3 TABLE 1 Summary of major issues facing immigrant children and youth INDIVIDUAL ISSUES SOCIAL SERVICES HEALTH EDUCATION JUSTICE Cultural adjustment Social support and belonging Cultural identity Nutrition Communicable diseases Sexual and reproductive health Unfamiliarity with schooling in Canada Appropriate assessments ESL instruction Transitions Criminal gangs and violence Substance abuse Sexual identity Gender roles Internalized racism Employment Chronic health conditions Mental health problems Pre-migration and migration trauma Support in content classrooms Support for students with special needs Support for heritage languages Prostitution Issues in youth justice process HOME ENVIRONMENT SCHOOL COMMUNITY ENVIRONMENT COMMUNITY ENVIRONMENT Basic needs Employment Language and adult literacy Family literacy Social networks and support Incongruent rates of acculturation Family violence Civic participation Access to systemic, culturally competent support Parental involvement Belonging and participation in school activities Interaction with peers and school staff Racism and discrimination Belonging and community participation Racism and discrimination Socioeconomic conditions Negative influences The practice of age-appropriate placement in Canada can leave immigrant children and youth at a loss in their classes. Those with sporadic education and limited literacy skills require concrete literacy and academic support to achieve a level of academic success equivalent to that of their Canadian-born English-speaking counterparts of the same age. On the other hand, children and youth who are inappropriately placed in classrooms with children several years younger also may as a consequence experience socio-psychological difficulties. Unique linguistic and sociocultural challenges, compounded by the lack of responsive support in the education system, have limited the academic success of immigrant children and youth. Those of an ESL background are two or more years behind their native English-speaking counterparts by the time they reach sixth grade (Cummins, 1981). The dropout rates among ESL learners are significantly high, between 61% and 74% (Alberta Education, 1992; Gunderson, 2004; Watt & Roessingh, 1994, 2001). Communication skills and GPAs of university students who are sons and daughters of immigrants, independent of length of time in Canada, are not as high as those of nativeborn English-speaking Canadians (Grayson, 2004). Justice Arena Traumatic migration experience, poverty, limited English, intergenerational and family conflicts, social isolation, lack of a sense of belonging, and discrimination make immigrant children and youth vulnerable to victimization and recruitment by organized crime groups. In major cities, immigrant youth are reported to be involved in criminal gangs and violent activities, trafficking and use of drugs, and prostitution. When immigrant youth are in conflict with the law, they experience a wide range of issues in their contact with police and youth justice court procedures. These include distrust and fear of authority figures, limited knowledge about the Canadian justice system, lack of understanding of their constitutional rights, problems understanding and providing accurate information during investigation and court proceedings due to limited English, and cultural misinterpretation in communication. When sentenced to extrajudicial measures and sanctions, custodial sentences or community sentencing, immigrant youth may have limited access to meaningful community services and culturally responsive rehabilitative, counselling, and educational services. Many have difficulty understanding the conditions of probation. Home, School and Community Environments Home, school and community environments influence the wellbeing and success of immigrant children and youth. A significant number of immigrant children and youth are growing up in households impacted by a range of 31

4 socioeconomic issues such as culture and language barriers, unemployment or underemployment, social isolation, illiteracy, discrimination and limited civic participation. With a poverty rate of 30% for immigrants living in cities (Lee, 2000), immigrant households struggle to meet basic needs, such as food, housing, clothing, child care and transportation. In school, immigrant children and youth may not have access to culturally competent support. The lack of system leadership and limited participation of immigrant parents in school activities have left decisions regarding language instruction and services for immigrant children and youth at the discretion and political will of individual school administrators. Consequently, school services for immigrant children and youth have been provided on an ad-hoc basis and given low priority. Notably, many immigrant children and youth with limited English have received minimal, if any, direct language instruction. Without adequate support, immigrant children and youth are substantially less likely to participate in school activities. They may also struggle to connect to their peers and school personnel. At the community level, a combination of the lack of culturally inclusive programs and limited awareness of community resources and services has resulted in low levels of participation of immigrant children and youth in community activities and services. Individual, institutional and cultural racism and discrimination have denied many immigrant children and youth a sense of belonging and driven them into social isolation and alienation. Concentrations of immigrant families in neighbourhoods with low socioeconomic status further hinder immigrant young people from accessing a wide range of community resources and opportunities. Immigrant children and youth living in impoverished areas are also more likely to be exposed to negative influences, such as aggressive recruitment by criminal groups. Challenges in Services for Immigrant Children and Youth Several emerging service issues have had impact on the access of immigrant children and youth to resources and services. Service providers are challenged by the lack of coordination and comprehensiveness of support. Existing services often do not provide longitudinal support due to a lack of accessible and sustainable funding. Even when there are services available, service providers frequently do not know where to refer immigrant children and youth. This is partly because their needs are so complex and they are uncertain whether the existing services are equipped to handle their issues. Some service providers have struggled to understand the needs of immigrant children and youth, and connect to these young people. Many are doubtful whether their services are inclusive and accessible to immigrant Of the 1.8 million immigrants who arrived during the 1990s, 309,700, or 17%, were schoolaged children and youth between 5 and 16 (Statistics Canada, 2003). Furthermore, many Canadian-born children are raised in first-generation immigrant households, contributing to the 10.5% of the population with home languages other than English or French. children and youth. They struggle with the basic challenge of limited availability of translation and interpretation services. All of these issues speak to the need for cultural competency in all services related to health, education, justice, and social services. Service providers face challenges in integrating cultural diversity in all aspects of their work, including policy and service development, communication, resource allocation, hiring and professional development. Funding competition in the age of scarce resources and a fear of sharing information and knowledge have impeded partnerships. Service providers have yet to fully explore and capitalize on partnership opportunities among schools, family resource centres, mainstream organizations, immigrant serving agencies and ethnocultural groups. There is a need for joint advocacy efforts to address systemic factors that impact immigrant children and youth and their families, such as poverty, language, health, education and employment. Recommendations The future of immigrant children and youth will affect the future of Canada: it has to be everyone s business. There are opportunities for policy makers, NGOs and researchers to work collaboratively to ensure availability of quality services for immigrant children and youth. Nationally, the federal government must champion a national strategy that focuses on the education, resettlement and integration of immigrant children and youth. This strategy should involve all federal departments, including Citizenship and Immigration Canada, Health Canada, Industry Canada, Canadian Heritage, Human Resources and Skills Development Canada, Justice Canada, and Public Safety and Emergency Preparedness Canada (National Crime Prevention Strategy), to develop department-specific actions and inter-departmental initiatives to support school- and community-based programs that address identified needs of immigrant children and youth in the social service, health, education and justice arenas. Some of the areas of priority are research on immigrant children and youth, English language instruction, reception and orientation services, cross-cultural and trauma counselling, child/youth and family literacy, multicultural liaison, prevention of and intervention in crime, vocational training for youth with low literacy skills or sporadic education, the role of heritage languages, parental participation, cultural competency training, school and community inclusion, and poverty. The federal government needs to work with the Council of Ministers of Education of Canada to replicate or expand the bilateral agreement that provides federal funding for teaching children official languages, and to establish national benchmarks and standards for identification, assessment, curriculum, instruction and tracking of progress of immigrant children and youth with ESL needs. At the provincial level, ministries of education need to ensure ESL curricula for all levels. They need to establish CITC 32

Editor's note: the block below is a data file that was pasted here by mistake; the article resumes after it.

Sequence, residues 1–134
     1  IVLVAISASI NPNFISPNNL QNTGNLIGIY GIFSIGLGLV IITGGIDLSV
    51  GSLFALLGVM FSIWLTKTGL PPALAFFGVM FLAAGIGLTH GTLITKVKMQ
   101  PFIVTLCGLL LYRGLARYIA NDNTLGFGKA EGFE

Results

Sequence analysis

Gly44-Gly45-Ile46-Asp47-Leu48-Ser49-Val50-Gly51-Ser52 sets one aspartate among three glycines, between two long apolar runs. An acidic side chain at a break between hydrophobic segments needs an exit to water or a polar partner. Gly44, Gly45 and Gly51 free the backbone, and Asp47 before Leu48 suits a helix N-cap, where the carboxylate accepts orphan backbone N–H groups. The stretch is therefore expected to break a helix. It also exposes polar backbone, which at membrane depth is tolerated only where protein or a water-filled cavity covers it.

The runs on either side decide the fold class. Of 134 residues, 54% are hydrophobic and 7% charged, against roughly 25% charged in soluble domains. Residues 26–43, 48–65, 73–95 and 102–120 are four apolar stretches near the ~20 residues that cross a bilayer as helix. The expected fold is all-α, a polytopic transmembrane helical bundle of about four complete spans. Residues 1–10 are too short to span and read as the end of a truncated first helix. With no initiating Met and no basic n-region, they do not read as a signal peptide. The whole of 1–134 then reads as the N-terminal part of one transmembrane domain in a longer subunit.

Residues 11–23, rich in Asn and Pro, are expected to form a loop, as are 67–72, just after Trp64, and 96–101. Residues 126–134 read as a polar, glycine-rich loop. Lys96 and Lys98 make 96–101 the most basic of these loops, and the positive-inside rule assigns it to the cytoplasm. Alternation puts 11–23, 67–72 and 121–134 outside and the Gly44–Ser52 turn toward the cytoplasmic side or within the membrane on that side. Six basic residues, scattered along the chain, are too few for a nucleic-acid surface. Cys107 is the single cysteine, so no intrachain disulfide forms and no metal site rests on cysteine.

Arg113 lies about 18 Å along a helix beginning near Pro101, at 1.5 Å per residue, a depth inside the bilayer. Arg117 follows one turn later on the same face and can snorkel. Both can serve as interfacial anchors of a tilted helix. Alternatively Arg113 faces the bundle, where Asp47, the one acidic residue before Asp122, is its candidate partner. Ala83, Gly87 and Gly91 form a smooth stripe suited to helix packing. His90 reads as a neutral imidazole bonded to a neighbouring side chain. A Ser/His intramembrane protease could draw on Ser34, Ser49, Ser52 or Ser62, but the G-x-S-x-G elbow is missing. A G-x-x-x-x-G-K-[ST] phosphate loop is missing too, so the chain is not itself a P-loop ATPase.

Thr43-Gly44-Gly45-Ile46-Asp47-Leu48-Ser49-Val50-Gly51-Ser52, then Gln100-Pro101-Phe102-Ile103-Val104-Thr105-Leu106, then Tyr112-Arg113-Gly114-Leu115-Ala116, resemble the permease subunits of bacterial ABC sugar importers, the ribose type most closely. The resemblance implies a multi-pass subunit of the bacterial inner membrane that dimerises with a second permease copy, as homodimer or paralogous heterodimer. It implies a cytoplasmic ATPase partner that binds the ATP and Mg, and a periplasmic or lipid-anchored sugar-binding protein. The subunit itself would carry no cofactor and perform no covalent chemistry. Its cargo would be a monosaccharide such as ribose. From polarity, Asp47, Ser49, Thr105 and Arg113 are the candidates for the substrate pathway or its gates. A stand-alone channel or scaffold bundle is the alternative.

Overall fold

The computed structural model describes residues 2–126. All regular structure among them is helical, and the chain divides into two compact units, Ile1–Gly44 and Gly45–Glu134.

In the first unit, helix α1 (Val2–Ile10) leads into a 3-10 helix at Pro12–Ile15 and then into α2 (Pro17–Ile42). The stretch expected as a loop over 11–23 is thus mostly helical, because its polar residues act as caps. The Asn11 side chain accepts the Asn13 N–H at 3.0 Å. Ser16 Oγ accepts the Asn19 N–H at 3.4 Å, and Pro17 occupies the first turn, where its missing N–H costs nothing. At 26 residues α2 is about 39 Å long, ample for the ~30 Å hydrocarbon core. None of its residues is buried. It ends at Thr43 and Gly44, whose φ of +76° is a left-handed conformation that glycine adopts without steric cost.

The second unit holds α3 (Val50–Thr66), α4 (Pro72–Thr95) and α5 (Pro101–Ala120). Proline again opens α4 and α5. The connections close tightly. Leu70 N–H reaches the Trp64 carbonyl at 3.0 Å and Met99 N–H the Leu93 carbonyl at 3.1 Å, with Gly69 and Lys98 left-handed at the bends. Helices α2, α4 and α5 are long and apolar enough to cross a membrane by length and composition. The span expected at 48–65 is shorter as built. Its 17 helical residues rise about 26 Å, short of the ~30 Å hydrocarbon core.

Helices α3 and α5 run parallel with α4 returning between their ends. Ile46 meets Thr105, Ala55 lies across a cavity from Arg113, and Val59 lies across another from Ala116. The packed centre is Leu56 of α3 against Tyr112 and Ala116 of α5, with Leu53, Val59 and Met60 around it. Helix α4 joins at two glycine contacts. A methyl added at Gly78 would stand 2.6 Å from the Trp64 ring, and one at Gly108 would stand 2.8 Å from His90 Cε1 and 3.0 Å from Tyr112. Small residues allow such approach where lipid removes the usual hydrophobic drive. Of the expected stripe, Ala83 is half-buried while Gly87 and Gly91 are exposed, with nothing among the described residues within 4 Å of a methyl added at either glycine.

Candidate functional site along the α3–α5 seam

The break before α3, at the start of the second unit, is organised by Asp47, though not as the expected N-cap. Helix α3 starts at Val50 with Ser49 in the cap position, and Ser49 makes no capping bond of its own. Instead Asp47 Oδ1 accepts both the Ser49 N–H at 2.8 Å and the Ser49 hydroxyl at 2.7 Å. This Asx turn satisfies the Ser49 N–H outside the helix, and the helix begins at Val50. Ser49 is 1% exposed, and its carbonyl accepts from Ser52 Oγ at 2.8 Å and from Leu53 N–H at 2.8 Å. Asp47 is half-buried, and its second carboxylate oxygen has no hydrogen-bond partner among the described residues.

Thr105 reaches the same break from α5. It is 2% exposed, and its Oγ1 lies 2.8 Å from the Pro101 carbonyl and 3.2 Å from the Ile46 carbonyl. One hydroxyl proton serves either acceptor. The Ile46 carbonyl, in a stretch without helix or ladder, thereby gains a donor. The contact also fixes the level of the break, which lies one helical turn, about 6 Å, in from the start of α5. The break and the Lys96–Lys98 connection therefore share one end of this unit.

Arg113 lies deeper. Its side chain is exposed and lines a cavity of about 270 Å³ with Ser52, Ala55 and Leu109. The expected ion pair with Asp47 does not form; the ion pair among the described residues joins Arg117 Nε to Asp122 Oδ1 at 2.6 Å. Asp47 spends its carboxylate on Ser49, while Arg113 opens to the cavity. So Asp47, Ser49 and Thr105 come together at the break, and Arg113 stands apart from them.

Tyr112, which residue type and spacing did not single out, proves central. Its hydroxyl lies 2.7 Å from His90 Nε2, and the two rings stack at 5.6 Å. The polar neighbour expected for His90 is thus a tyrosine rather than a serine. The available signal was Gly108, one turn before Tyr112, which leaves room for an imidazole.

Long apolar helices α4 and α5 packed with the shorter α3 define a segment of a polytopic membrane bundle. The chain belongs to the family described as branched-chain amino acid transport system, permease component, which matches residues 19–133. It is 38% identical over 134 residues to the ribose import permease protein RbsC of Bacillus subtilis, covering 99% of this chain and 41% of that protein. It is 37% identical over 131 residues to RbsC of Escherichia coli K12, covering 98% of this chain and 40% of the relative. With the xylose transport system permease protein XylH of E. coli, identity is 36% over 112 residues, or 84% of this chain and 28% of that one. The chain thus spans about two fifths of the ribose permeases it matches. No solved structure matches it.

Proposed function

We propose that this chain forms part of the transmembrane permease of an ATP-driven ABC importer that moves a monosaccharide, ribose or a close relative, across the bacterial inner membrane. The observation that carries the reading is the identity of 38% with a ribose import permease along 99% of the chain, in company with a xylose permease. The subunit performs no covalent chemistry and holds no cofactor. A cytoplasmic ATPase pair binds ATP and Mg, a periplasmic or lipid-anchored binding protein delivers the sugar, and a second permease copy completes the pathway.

5 research-based funding formulas with built-in accountability measures, and remove unjustifiable funding restrictions, such as fiscally-driven three or five year funding caps. Due to the extraordinary circumstances of many learners from refugee backgrounds, ministries may consider extending the age cap to accommodate learners with delayed or disrupted schooling. Ministries of education can also play a leadership role in ensuring that pre-service training in education and other professional fields integrates cultural competency in all courses. Other provincial departments related to health, social services and justice need to develop strategies to support school- and community-based initiatives to address needs of immigrant children and youth. At the municipal level, service providers in the health, education, social services and justice sectors need to work in partnership to plan and implement inter-sectoral and systemwide coordination of services for immigrant children and youth. They further have to develop and integrate cultural competency in all practices. Community groups and schools need to work with parents of immigrant children and youth to help them develop the competency to advocate on behalf of their children and influence decisions regarding the availability and quality of services for them. Since children and youth spend a great deal of their time at school, service providers and community groups can strengthen relationships with schools to further promote the educational, social and cultural development of immigrant children and youth. Leadership in schools and school boards can also play an important role in the development of policies, regulations and programs that address pedagogically sound instruction, equitable resource allocation, staff development, accountability measures and tracking of students progress. Conclusion In light of a declining birthrate, an aging population, the imminent retirement of the baby boomer generation and Canada s low ranking (15 th place) among the Organisation for Economic Co-operation and Development countries in research and development, immigrant children and youth could play an important role both in addressing Canada s new challenges and in ensuring that its future is prosperous (Greenspon, 2001; Roessingh, 2001). It is crucial that Canadian institutions develop policies and services to promote the academic success and socioeconomic well-being of immigrant children and youth. More importantly, they cannot risk being part of the development of a subculture of defeat and marginalization, in which children and youth with ESL needs, denied their right to language instruction and support services, face life-long underutilization of human potential. References Alberta Education. Review of transcripts of selected immigrant students who received ESL funding. Edmonton: Author, Collier, V. How long? A synthesis of research on academic achievement in a second language. TESOL Quarterly 23 (1989): Cookson, S., R. Waldman, B. Gushulak, D. MacPherson, F. Burkle, C. Paquet, E. Kliewer & P. Walker. Immigrant and Refugee Health. Emerging Infectious Diseases, 4(3) (1998): Cummins, J. Age on arrival and immigrant second language learning in Canada: A reassessment. Applied Linguistics, 2 (1981): Cummins, J. The acquisition of English as a second language. In K. Spangenberg-Urbschat & R. Pritchard (Eds.), Kids come in all languages. Newark: International Reading Association, 1994, Dawson, C. Administrators warned to keep track of ESL results. Calgary Herald, January 7, 1998, B2. Dempster, L. & Albert, S. Calgary a leader in ethnic minorities. Calgary Herald, February 18, 1998, A1-2. Grayson, J.P. ESL, Ethno-racial origin, and academic achievement of university students. Unpublished manuscript, Greenspon, E. Time for the Next Challenge. Globe and Mail, May 19, Gunderson, L. The language, literacy, achievement, and social consequences of English-only programs for immigrant students. In J. Hoffman (Ed.) The 53 rd annual yearbook of the national reading conference. Milwaukee: National Reading Conference, 2004, Herlock, D., K. McCullagh & C. Schissel. Conversation for change: An overview of services for immigrant children and youth in Calgary. Calgary: Multifunder group, Lee, K.K. Urban poverty in Canada: A statistical profile. Ottawa: Canadian Council on Social Development, McInnes, C. First you have to learn English. Globe and Mail, May 3, A1. Ngo, H. Immigrant children in focus: A map of needs, strategies and resources. Calgary: Coalition for Equal Access to Education, Roessingh, H. Alberta s Advantage: Excellence, the New Economy and ESL. Calgary Diversity Institute Newsletter, Fall 2001, 1-2. Statistics Canada. Immigrants in Canada. Ottawa: Ministry of Industry. Catalogue No. 85F0033MIE, Statistics Canada. Profile of languages in Canada: English, French and many others. Ottawa: Industry Canada. Catalogue Number 96F0030XIE , Statistics Canada. Canada s ethnocultural portrait: The changing mosaic. Ottawa: Industry Canada. Catalogue Number 96F0030XIE , Watt, D. & H. Roessingh. Some you win, most you lose: Tracking ESL dropout in high school ( ). English Quarterly 26(3) (1994): 5-7. Watt, D & H. Roessingh. The dynamics of ESL drop-out: Plus Ça change... Canadian Modern Language Review 58(2) (2001): Acknowledgements The Conversation for Change: An Overview of Services for Immigrant Children and Youth in Calgary initiative was commissioned by the City of Calgary (Family and Community Support Services), United Way of Calgary and Area, Canadian Heritage, Alberta Learning, and Alberta Community Development, Human Rights and Citizenship. The Immigrant Children in Focus project was funded by Alberta Community Development, Human Rights and Citizenship and Canadian Heritage. We wish to thank Amal Umar and Beth Chatten for their valuable comments. Endnote 1 The two documents, Conversation for change: An overview of services for immigrant children and youth in Calgary and Immigrant children in focus: A map of needs, strategies and resources, are the culmination of extensive work among stakeholders across all sectors. With this research in hand and a strong commitment of all those involved to continue to work together, the City of Calgary has a good start on ensuring that immigrant children and youth get the best possible start. The documents are available at and 33